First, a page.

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pressure washer engine size

Discussion in 'Homeowner Assistance Forum' started by LarryF, May 26, 2010.

  1. LarryF

    LarryF LawnSite Bronze Member
    Posts: 1,171

    I'm not sure whether to post this here or in the power-washing forum, but I'm not in business, just another homeowner so I'll start here. I expect this will be moved if I made the wrong choice.

    I'm sure the unit I want should put out 3000 psi or perhaps more, but I noticed when looking at the latest Northern catalog that engine HP is not identified any more. I presume the manufacturer will match GPM and PSI with an appropriated size engine, but it would be nice to know approximately what it is in HP. My previous experience was with a 3000 psi unit that had a 10 HP B&S. I've not had problems with it, but it's pretty old now, and I doubt if it's still being manufactured any more. The ones I'm looking at provided by Northern seem to all have a GX160 OHV Honda engine. If anyone knows what that translates to in HP, would you share it with me?

    And if you are really into this pressure washing topic, Northern has a couple of units that use the name "Powerhorse" that look like they might be a great bargain, but I don't know anything about them.
    http://www.northerntool.com/shop/tools/category_pressure-washers+powerhorse+gas-cold-water

    They don't specify the engine or the pump manufacturers, but going by reviews in the above web site, most of those who bought it seem satisfied. I'd like to have your comments on these as well.

    Thanks
     
  2. twobroslawns

    twobroslawns LawnSite Senior Member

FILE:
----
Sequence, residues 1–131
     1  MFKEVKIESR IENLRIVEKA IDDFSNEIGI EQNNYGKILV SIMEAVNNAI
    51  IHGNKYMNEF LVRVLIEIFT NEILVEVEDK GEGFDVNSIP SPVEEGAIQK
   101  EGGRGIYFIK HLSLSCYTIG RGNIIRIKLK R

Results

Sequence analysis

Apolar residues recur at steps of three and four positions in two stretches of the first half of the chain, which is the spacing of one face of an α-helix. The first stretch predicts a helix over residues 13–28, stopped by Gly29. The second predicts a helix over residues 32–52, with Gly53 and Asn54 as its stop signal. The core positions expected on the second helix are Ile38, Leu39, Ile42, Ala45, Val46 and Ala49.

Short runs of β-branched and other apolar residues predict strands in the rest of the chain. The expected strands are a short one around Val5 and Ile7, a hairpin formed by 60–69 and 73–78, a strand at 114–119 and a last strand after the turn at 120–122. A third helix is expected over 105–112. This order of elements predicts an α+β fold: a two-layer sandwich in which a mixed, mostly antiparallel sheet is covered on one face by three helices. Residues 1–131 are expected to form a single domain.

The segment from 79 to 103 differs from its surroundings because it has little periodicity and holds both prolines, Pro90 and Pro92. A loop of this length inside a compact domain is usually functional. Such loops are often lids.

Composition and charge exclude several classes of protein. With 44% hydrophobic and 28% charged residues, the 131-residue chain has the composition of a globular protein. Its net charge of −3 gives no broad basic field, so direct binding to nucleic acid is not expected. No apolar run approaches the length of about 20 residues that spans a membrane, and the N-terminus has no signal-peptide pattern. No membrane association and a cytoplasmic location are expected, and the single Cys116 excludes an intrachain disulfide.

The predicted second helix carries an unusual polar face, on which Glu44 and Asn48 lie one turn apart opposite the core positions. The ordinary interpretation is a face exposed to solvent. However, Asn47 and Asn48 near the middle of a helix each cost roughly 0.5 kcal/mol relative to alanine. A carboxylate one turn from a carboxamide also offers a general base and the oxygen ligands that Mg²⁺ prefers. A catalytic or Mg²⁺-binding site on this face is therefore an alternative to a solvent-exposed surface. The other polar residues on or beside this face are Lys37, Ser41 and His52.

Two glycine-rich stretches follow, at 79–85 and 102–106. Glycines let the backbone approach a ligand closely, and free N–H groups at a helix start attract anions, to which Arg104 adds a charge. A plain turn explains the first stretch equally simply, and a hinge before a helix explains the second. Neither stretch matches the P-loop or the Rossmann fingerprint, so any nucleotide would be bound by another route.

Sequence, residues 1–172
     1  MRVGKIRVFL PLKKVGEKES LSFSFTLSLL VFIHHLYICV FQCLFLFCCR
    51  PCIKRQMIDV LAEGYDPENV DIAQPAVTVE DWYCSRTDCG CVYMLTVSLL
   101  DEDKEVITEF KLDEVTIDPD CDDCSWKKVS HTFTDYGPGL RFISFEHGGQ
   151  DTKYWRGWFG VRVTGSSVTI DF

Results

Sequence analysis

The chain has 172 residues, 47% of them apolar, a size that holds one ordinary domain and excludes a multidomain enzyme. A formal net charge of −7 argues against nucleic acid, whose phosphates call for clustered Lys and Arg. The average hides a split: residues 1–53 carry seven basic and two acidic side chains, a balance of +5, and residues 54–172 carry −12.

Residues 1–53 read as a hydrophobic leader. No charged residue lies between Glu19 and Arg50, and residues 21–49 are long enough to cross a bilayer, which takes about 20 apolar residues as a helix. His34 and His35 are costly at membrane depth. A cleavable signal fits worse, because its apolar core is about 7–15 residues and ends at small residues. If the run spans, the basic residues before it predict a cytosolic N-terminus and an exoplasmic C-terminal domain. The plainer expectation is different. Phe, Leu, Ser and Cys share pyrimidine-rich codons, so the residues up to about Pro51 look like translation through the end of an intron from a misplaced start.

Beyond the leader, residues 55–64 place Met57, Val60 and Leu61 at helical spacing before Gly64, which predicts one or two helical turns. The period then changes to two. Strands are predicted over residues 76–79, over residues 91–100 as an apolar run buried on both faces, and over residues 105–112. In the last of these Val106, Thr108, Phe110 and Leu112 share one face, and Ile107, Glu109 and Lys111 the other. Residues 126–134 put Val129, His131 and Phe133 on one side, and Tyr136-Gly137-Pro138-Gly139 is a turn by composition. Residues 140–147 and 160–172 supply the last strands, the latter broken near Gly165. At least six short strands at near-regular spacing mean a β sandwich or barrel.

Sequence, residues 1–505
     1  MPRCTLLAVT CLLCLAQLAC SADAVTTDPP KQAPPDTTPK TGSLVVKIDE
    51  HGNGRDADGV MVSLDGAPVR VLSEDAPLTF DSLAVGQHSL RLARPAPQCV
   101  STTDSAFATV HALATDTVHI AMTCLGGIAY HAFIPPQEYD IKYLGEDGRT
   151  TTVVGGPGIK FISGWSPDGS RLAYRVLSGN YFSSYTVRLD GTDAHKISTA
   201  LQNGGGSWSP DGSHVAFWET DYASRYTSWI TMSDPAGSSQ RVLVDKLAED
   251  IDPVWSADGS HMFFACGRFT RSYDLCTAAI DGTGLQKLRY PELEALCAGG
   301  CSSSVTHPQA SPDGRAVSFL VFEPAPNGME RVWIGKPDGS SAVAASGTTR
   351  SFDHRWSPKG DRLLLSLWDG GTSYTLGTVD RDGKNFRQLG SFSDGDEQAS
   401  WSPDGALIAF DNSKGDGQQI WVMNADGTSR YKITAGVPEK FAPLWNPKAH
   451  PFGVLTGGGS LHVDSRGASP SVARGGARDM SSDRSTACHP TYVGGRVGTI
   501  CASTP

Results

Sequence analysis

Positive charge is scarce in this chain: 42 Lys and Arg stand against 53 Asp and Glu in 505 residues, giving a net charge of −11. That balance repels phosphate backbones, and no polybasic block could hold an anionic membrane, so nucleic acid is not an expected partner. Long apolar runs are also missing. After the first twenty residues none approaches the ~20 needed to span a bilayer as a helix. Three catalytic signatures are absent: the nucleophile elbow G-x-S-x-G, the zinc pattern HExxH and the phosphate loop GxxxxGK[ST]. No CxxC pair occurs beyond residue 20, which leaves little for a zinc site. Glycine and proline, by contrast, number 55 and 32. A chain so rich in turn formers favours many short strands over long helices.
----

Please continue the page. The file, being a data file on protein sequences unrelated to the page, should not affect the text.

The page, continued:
Posts: 299

    160 cc will be 5.5 hp. The powerhorse untis are knock off hondas I believe. Look at the website under engine oil capacity and this will tell you about those engines. Last time I remember lloking it was something like .17 quart. Our 5.5 honda engine (on a mower) holds just over .5 quarts and our GX390 13 hp on our pressure washer holds signifacantly more.

    To me, PSI isn't important. Others may disagree, but I think GPM is more important. Like the 200mph blowers at homedepot that don't move anything and the Stihl 150 mph blowers that move tons of leaves - its CFM that matters. Our 13 hp has 3750 psi and 4.0gpm
     
  3. LarryF

    LarryF LawnSite Bronze Member
    Posts: 1,171

    Thanks! 5.5 HP doesn't sound like very much for a pressure washer. I'm going to do a bit more research before I leap.

    Anyone else want to make a suggestion?
     
  4. Brian E

    Brian E LawnSite Member
    Posts: 2

  5. LarryF

    LarryF LawnSite Bronze Member
    Posts: 1,171

    Even worse than I thought! According to this web site which shows the power curves:

    http://www.honda-engines.com/engines/gx620.htm

    the GX160 is only 4.8 HP and the GX390 is 11.7 HP. Maybe that's why the HP ratings are no longer provided in the pressure-washer ads. However, they both do have a 3-year commercial warranty.
     
  6. LarryF

    LarryF LawnSite Bronze Member
    Posts: 1,171